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I’m really enjoying the electronic viewfinder in my Fuji cameras. Being able to adjust the image to approximate how you see the final version after processing is such a time-saver. My colour processing (albeit the smaller portion of my processing – I do far more monochrome images) has speeded up because I now have to do very little in Lightroom and Photoshop.I still use RAW but once imported into Lightroom I normally apply a camera calibration in the form of Classic Chrome. White and black points are checked and adjusted if necessary and then I export the image out to Photoshop CC for sharpening with NIK Sharpener.

The two images below are the same image but processed to a different final image. Both were taken in the ice-house at Calke Abbey. As its use implies, the structure is below the ground. There was light coming in from the window high in front of me and some soft light to my rear from the open door.

I always use manual mode and auto ISO on my cameras and so taking a picture with matrix metering will mean the camera will use the ISO it deems suitable for a correctly exposed picture with the shutter speed and F stop I have set on the camera. In my case this could be 6400 and it will use the ISO to try to raise the dark areas of the picture tonally to an 18% grey reflectance. This will result in a blown out window and very noisy shadows. So I used spot metering and took the exposure reading from part of the window and the wall. I then altered the aperture and shutter speed to get the ISO down to 1250. Back-button focussing means I can focus and then take my time over the exposure without worrying about holding the shutter button down to retain focus.

This enables me to obtain a RAW image which allowed me to process it as I saw fit. The first image below is a more tonally open image allowing some detail of the ice-house to come through. The second image is meant to be more mysterious and could perhaps even be an old prison cell.

Metering carefully with a visualization of how you want the final image to look will always produce more effective RAW files than shooting and hoping for the best.







Today I was wandering around Bradgate Park in Leicestershire with the D800. The weather was bright and sunny, but with a vicious northerly wind that cut across the top of the hills and sliced into the valleys.


I decided that I would use the camera on manual with auto ISO which I have never done before. I normally use Aperture priority with Auto ISO and I am quite happy with that but it can be a struggle with the 24-120 f/4 to keep the shutter speed up to avoid camera shake and also keeping the aperture setting at f/8.0 +.
With the camera on manual I can keep the shutter and aperture where I want them whilst the ISO is automatically increased or decreased accordingly. The D800 handles high ISO so well, it’s not a problem if the ISO sometimes hits 800. I normally have the auto ISO on a ‘high limit’ of 800 and very rarely use more than that, although the D800 is very good up to 3200 with very little noise degradation.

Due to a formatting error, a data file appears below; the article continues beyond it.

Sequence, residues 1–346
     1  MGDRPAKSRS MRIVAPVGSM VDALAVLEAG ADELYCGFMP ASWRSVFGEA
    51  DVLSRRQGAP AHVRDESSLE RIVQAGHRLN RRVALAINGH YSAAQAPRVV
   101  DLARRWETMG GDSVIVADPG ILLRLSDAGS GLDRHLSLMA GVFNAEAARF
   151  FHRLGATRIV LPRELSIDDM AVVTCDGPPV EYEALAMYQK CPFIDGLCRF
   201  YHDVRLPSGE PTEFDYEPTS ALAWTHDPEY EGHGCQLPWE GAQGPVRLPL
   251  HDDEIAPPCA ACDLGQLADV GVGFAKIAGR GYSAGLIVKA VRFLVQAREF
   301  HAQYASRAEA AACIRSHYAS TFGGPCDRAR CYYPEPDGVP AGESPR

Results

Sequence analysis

When I use the D800 handheld, I also try and keep the shutter speed at double the reciprocal lens focal length. I do this because of the D800’s 36 megapixel sensor. It only takes a slight movement when taking the picture to blur detail. I was used to doubling up focal length to arrive at shutter speeds with my old Olympus four-thirds gear so it really isn’t a problem for me to do the same with the D800 to ensure I don’t get camera shake and long focal lengths.



I spent my early photography days using film, especially reversal film which resulted in slides to show in a projector. Reversal film is not as forgiving as print film and that meant that you had to be pretty accurate with all camera settings and that included using the ISO recommended by the manufacturer.
I started shooting digital with Olympus E cameras and as they didn’t handle high ISO settings very well, it was usually kept at the default of 200 ISO or sometimes 400 ISO and very, very rarely went above that.
Now I’m shooting with Nikon on a D800 and D7100 both of which have a fantastic latitude for high ISO’s and for still returning noise-free results. However, years of being careful of excessive high ISO’s have meant that it has taken me some time to get used to the fact that I can increase the ISO setting and still get low noise images.
So, yesterday I spent the day shooting with the D7100 in auto ISO mode for the first time. I set the maximum ISO to 800 (still playing safe) and the minimum was set to ‘Minimum Shutter Speed – Auto’, which means it uses the set focal length of the CPU lens. I increase that setting by one of the two plus increments.

Nikon Auto ISO settings

Nikon Auto ISO settings

ISO Minimum Shutter speed

ISO Minimum Shutter speed

How did it go? Well, it was strange seeing the increased ISO readings in the viewfinder, and I had to stop myself from turning auto off out of sheer habit of seeing 200 ISO in the readings, but I persevered and the results seem fine.
It’s not something I would use when I’m taking landscapes with a tripod etc, but it certainly is worth using whilst walking around.


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